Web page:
Your Credit Score
One of the essential requirements for earning credit card rewards points from signup bonuses is tracking and maintaining a good credit score (usually over 700 to get approved for the premium travel cards). But how does one go about doing this?
We recommend using the FREE app from the Experian credit bureau. Per their site, “View your Experian Credit Report and FICO® Score any time, anywhere on your phone or tablet,” plus get credit monitoring alerts. You previously had to pay each time you wanted your actual credit score, so it’s hard to beat this new and improved service!
Will the opening of credit cards destroy your all-important credit score?
The short answer is, no. Over time your credit score should remain roughly the same or even improve. But in the short-term you likely will see a dip in your credit score. This is why, if you plan to apply for a big loan in the near future, now is not the right time for you to get started with this strategy.
To understand why the long-term impact of this strategy is positive but the short term is negative, let’s look at the factors that contribute to your credit score.
Low Impact Factors:
- Total accounts: The more the better. The fact that multiple creditors give you accounts means that you are credit worthy in the creditors eyes. Obviously as your pile of credit cards thickens your grade will get better in this category. (Verdict: Yay)
- Credit inquiries: The more the worse. When you apply for six credit cards in one day, Your behavior makes you look a bit like Nicholas Cage in Leaving Las Vegas. “More credit cards equals more whiskey. ” You just don’t give a damn. It is estimated that each hard inquiry on your credit report costs you 5 to 7 points on your credit score. Fortunately this phenomenon is short-lived. With minimal effect on your credit score after 2 to 3 months. (Verdict: Boo.)
Medium Impact Factors:
- Age of credit history. (It’s going down.) Each time you apply for and get six credit cards, You’ve added six credit cards with the age of zero to your credit history. As you might imagine your credit history’s age can shrink pretty quickly. The longer you’re in this game, the less effect this will have. But make no mistake on this front; you’ll take a step backwards. (Verdict: Boo)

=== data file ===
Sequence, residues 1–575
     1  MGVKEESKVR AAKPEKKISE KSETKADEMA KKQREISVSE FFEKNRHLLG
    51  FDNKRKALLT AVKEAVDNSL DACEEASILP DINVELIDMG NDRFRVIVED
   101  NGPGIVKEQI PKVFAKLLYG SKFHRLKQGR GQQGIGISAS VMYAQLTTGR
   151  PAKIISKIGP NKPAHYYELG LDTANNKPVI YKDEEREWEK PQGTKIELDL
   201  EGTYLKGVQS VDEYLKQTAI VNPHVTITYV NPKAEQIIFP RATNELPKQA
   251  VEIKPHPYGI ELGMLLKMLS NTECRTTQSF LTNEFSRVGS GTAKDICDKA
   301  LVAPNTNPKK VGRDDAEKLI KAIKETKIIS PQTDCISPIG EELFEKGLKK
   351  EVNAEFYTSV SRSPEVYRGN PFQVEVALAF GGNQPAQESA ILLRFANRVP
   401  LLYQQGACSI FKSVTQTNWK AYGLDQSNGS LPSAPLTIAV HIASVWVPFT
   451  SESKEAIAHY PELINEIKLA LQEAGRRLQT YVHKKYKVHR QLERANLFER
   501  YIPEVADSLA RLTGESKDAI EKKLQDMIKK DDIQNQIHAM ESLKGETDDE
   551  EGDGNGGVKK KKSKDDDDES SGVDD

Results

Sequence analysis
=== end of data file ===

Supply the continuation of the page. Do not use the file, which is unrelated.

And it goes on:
High Impact Factors:
- Derogatory marks: The worst thing you can do for your credit score is to not pay your bills on time, to default on a loan, or to declare bankruptcy. But you’re never going to be late on a credit card payment, you will keep track of your cards, and pay off your bills as soon as they arrive. Right? (Verdict: Ambivalence.)
- Credit card utilization: This is the one that makes everything alright. You see, creditors want you to use a bit, but not much of your credit line. When it comes to credit card utilization, you will look very unlike Nicholas Cage drunkenly stumbling through a casino. You will look more like a Vanderbilt; lots of assets, and not many bills.
Of course, there are no guarantees. The formula for credit scores could change, your experience could be different from ours. It is (of course) up to you to monitor your scores and weigh the risks and benefits of this strategy.
Personal Decision Point
You need to determine your own comfort level with minor credit score fluctuations before getting started. For most of us with excellent credit ratings, a few points up or down won’t impact much of anything.
This is especially true if you aren’t looking to make a major purchase on credit (mortgage or car) in the near future. As we’ve described above, this won’t have a major impact on your score, but it is still a best practice to not open a significant number of credit cards in the ~12-18 months leading up to a home (or, to a lesser extent, car) purchase.
When Brad and I each independently embarked on this journey we determined for our own lives that we had some risk tolerance for a credit score drop if it meant earning a significant amount of free travel for our families. That we haven’t experienced a drop at all (other than temporary fluctuations) makes it all the better.
As today’s ‘action step, we ask you to consider your own life and your risk tolerance for this fluctuation and answer this question: Is now a good time for you to get into travel rewards?